How to Cope with Postmenopausal Atrophic Vaginitis
Decreased estrogen levels in women can cause postmenopausal atrophic vaginitis. Fortunately, some tips can help you cope with it. Discover them below!
Atrophic vaginitis, also known as vaginal atrophy, is a condition characterized by vaginal wall thinning. It occurs due to a decrease in estrogen levels, key hormones to keep the vagina lubricated and elastic. Do you know how to cope with postmenopausal atrophic vaginitis?
Treatment for this condition is focused on improving the symptoms and the underlying cause. Therefore, your doctor may advise the use of lubricants to treat dryness and hormone replacement therapy (HRT). Estrogen can also be administered orally or topically. So, what else can you do?
Tips to help you cope with postmenopausal atrophic vaginitis
In addition to following the treatment prescribed by your doctor, some tips can help you cope with postmenopausal atrophic vaginitis and its symptoms. Below, we’ll share some recommendations you should take into account if you suffer from this condition.
1. Use cotton underwear
Women who suffer from this condition are more likely to develop chronic vaginal infections and urinary tract problems. Thus, one of the first recommendations to help you cope with postmenopausal atrophic vaginitis is to make sure you wear cotton underwear.
This type of garment improves air circulation in your intimate area, thus preventing an environment conducive to the growth of bacteria. Also, unlike synthetic fabrics, it doesn’t usually retain moisture.
2. Postmenopausal atrophic vaginitis and sex
A drop in estrogen levels can affect a woman’s sex life, since women tend to experience pain and discomfort when they’re having sex. However, staying sexually active can be beneficial in cases of postmenopausal atrophic vaginitis.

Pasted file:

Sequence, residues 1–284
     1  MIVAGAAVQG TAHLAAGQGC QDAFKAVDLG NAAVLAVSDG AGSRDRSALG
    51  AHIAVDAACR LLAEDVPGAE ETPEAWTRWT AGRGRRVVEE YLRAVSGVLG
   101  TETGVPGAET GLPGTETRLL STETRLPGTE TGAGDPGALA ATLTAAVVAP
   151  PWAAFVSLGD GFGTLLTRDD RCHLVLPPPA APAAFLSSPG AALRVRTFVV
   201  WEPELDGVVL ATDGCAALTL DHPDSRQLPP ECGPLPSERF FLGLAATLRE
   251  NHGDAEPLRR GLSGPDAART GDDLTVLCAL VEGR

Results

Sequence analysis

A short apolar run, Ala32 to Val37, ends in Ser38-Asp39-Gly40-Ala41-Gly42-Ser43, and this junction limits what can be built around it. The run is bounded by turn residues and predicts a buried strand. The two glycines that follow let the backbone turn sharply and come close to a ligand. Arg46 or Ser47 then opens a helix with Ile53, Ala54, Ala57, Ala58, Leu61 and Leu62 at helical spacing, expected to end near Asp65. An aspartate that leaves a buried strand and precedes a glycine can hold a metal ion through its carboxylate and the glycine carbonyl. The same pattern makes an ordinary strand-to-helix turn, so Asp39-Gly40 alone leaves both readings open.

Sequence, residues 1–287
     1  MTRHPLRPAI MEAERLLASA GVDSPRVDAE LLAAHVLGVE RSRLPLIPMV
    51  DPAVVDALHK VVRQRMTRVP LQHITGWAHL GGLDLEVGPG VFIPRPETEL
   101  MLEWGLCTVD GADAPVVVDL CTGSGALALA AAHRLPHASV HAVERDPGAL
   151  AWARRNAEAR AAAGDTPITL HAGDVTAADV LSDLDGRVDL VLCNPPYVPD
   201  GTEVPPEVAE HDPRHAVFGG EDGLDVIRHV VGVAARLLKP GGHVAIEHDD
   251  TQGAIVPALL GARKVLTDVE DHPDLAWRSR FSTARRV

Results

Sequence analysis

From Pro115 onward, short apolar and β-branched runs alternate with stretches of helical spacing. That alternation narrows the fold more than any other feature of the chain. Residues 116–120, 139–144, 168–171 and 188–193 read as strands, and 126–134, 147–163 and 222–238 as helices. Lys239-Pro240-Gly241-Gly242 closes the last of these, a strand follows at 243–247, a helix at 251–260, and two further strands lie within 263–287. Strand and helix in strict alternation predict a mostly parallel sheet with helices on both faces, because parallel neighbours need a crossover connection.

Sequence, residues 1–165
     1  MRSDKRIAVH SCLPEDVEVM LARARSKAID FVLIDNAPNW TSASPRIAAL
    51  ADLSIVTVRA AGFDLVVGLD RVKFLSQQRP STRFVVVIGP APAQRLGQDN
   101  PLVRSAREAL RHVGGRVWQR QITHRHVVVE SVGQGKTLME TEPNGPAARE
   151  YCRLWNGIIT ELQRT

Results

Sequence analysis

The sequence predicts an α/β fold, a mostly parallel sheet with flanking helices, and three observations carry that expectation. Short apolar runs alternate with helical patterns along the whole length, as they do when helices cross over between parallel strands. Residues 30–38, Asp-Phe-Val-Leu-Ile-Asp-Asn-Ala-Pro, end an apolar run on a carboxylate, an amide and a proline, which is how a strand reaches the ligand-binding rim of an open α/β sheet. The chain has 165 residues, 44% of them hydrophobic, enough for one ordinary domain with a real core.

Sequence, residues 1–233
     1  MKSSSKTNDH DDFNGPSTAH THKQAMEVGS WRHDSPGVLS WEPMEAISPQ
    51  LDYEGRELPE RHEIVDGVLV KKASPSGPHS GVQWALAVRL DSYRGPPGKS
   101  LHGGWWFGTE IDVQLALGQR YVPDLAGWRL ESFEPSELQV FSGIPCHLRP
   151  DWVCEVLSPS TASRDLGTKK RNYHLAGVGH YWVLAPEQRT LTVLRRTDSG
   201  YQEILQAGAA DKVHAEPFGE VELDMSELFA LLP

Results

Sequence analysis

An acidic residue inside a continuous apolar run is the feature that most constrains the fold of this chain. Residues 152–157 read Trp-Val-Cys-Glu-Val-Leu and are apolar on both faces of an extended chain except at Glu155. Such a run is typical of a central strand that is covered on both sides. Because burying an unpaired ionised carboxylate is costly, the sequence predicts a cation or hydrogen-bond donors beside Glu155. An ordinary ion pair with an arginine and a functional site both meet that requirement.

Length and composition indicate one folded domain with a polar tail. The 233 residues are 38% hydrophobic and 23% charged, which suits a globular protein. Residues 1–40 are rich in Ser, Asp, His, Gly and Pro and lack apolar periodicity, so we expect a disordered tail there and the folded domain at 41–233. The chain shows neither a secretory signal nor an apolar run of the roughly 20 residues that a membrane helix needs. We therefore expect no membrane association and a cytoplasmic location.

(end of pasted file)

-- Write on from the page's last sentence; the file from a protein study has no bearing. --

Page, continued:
Sexual intercourse helps improve blood circulation in the vagina, which stimulates its natural moisture. While it has no effect on hormone production, it does improve the health of sexual organs. Is sex painful for you? Choose to use lubricants and aids.
You should also read: Natural Remedies For Frequent Vaginitis
3. Improve your diet
Maintaining a healthy weight and watching your diet also helps you to cope with postmenopausal atrophic vaginitis. Proper nutrition favors hormone production regulation and, therefore, improves natural vaginal lubrication.
In this particular case, experts recommend consuming foods that contain plant estrogens or phytoestrogens, such as soy and its derivatives or linseed. Recent research found that plant estrogens help relieve excess vaginal dryness.
Women who exercise regularly have fewer problems when they experience menopause. In fact, this habit is one of the best natural supplements to deal with your symptoms. However, it’s also ideal for dealing with postmenopausal atrophic vaginitis. Why?
Practicing an exercise routine helps promote blood circulation and favors the balance of hormonal activity. Therefore, experts recommend 30 minutes a day for at least five days a week. Some good activities are walking, running, swimming, cycling, and going to the gym, among others.
Discover this article: 8 Things You Should Do To Take Care of Your Vaginal Health
5. Supplements to cope with postmenopausal atrophic vaginitis
Herbs and supplements shouldn’t replace medical treatments. However, many of them can serve as supplements to improve the symptoms of atrophic vaginitis. For example, sea buckthorn oil has been successful as an alternative to traditional estrogen therapy.
This product is rich in fatty acids that, according to studies, improve vaginal elasticity and lubrication. However, experts have detected side effects such as stomach problems and joint pain. Other options that can help are:
- Vitamin E oil
- Vitamin A
- B vitamins
- Omega-3 fatty acids
When should you see a doctor?
If the above recommendations don’t help you cope with postmenopausal atrophic vaginitis, you should see your doctor for other treatment options. Also, request immediate check-ups if your symptoms worsen or if you notice any irregularities such as bleeding, excessive discharge, or painful intercourse.
You must remember that, after menopause, the risk of many reproductive system diseases increases. For this reason, you should get periodic checkups in order to determine if everything is going well or if, on the contrary, there are signs of something more serious.